Later this month, more than 70,000 participants will attend the UN climate summit in Dubai. In the months leading up to the summit, known as COP28, Mohammed Farrae (MGA ‘22) has been preparing to convene key groups that will showcase climate-smart strategies for agricultural food systems. This effort is critical because agriculture contributes to climate change while simultaneously being hurt by its effects.
“Some 10 billion people will live on our planet by 2050, and collectively we must figure out a way to feed them while also protecting and restoring our ecosystems,” said Farrae, a food systems and climate specialist for COP28. “We’re bringing climate and agricultural experts into the conversation so we can reduce emissions without compromising food security and small-scale producers’ livelihoods.”
The pace of innovation that we’re seeing across both sectors is encouraging.
Based in Abu Dhabi, Farrae has been working to mobilize both climate and agriculture-focused organizations for a series of side events that will take place adjacent to the UN summit. Participating partners range from global research centers to financial institutions to government officials to civil society groups, and include representatives from the World Bank, the Food and Land Use Coalition; the World Resources Institute, a global research nonprofit; and CGIAR, a global research partnership dedicated to transforming food, land, and water systems. Session topics will include regenerative agricultural practices, methane emission reduction, the role of cities in food systems, malnutrition, and food waste reduction.
“The pace of innovation that we’re seeing across both sectors is encouraging, and we’re trying to maximize these events to create as much momentum as possible towards innovations with the greatest promise of scaling,” Farrae said.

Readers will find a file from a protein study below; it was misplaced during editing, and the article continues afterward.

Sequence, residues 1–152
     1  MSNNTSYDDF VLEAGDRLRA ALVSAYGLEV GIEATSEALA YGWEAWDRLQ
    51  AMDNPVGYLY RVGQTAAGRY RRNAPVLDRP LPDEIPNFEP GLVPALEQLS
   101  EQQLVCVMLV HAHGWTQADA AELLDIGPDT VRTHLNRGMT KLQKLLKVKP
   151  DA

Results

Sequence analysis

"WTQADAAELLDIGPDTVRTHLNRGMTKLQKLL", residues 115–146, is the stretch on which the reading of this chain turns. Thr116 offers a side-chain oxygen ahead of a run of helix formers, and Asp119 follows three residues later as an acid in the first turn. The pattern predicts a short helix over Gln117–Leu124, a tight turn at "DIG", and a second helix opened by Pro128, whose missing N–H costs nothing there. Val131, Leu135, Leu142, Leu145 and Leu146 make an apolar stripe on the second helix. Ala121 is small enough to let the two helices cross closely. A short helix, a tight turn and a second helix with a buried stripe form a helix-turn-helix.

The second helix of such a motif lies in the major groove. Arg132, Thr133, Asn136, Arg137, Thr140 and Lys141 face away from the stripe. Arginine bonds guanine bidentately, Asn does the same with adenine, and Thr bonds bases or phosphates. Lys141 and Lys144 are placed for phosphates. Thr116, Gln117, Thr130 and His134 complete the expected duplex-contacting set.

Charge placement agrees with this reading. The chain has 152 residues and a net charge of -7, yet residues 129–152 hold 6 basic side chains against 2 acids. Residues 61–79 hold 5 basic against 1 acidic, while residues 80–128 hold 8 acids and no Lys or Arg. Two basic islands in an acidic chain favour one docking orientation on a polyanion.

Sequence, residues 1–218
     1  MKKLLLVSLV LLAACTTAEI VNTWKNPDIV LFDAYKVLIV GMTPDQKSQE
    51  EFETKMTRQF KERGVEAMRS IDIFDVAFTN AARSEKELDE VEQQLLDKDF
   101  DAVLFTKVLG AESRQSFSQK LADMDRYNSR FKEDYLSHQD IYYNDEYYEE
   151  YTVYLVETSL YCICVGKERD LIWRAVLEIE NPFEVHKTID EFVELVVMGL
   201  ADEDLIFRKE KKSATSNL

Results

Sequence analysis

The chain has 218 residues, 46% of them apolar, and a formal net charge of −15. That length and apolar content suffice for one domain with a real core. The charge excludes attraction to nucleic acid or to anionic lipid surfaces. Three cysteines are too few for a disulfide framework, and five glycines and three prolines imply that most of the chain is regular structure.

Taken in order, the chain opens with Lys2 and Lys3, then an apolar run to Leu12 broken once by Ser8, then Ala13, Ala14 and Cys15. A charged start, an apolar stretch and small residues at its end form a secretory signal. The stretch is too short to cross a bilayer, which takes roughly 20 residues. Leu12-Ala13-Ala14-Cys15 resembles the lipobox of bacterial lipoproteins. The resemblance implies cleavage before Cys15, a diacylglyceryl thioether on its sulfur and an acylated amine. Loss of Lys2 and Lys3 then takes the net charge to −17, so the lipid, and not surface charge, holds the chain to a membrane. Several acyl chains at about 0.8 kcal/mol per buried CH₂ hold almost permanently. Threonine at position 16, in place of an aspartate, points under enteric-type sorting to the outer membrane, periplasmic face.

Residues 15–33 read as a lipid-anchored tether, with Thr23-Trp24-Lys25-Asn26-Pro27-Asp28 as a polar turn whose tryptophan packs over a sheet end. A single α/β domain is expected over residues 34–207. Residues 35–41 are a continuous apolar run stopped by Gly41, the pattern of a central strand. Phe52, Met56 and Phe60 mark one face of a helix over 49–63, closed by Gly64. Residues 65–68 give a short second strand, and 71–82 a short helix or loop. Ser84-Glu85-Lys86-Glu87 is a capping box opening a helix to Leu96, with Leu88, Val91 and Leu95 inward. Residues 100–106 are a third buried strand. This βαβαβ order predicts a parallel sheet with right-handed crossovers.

Farrae joined COP28 in May after hearing about the open position from Paul Winters, Keough-Hesburgh Professor of Global Affairs. Farrae had enjoyed serving as a student research assistant for Winters, a food systems expert who serves as executive director of the Innovation Commission for Climate Change, Food Security, and Agriculture.
“Having access to Paul’s expertise, mentoring, and professional network have been transformational for me, as a student, as a research associate and now as a professional,” Farrae said.
On a personal note, Farrae also said that COP28’s location has enabled him and his spouse, Hafsa Sheikh— also a master of global affairs graduate—to live closer to their home country of Pakistan.
At the Keough School I learned how to organize a project that isn’t well-defined at the beginning.
Farrae came to the Keough School with an academic background in mechanical engineering and experience leading a Bill and Melinda Gates Foundation-funded project focused on childhood environmental education through interactive projects focused on bee and bird rehabilitation in Pakistan. He became interested in rural food systems while working with Winters, and gained valuable research and project management skills while participating in the Keough School’s Integration Lab, (i-Lab).
“I learned how to organize a project that isn’t well-defined at the beginning, how to work closely with external and internal partners, and also learned how to use different communication styles as tools.” Farrae said. “I now use all of these skills and also am able to incorporate the multicultural perspectives of my classmates, who came to Notre Dame from around the world.”
While he’s still new to the food systems sector, Farrae is learning on the go while planning for the high-stakes international climate summit.
“It’s been challenging to develop a depth of knowledge quickly, as I’m fairly young in the food space compared to my colleagues,” Farrae said. “But the Keough School has prepared me well, and I am up for the challenge.”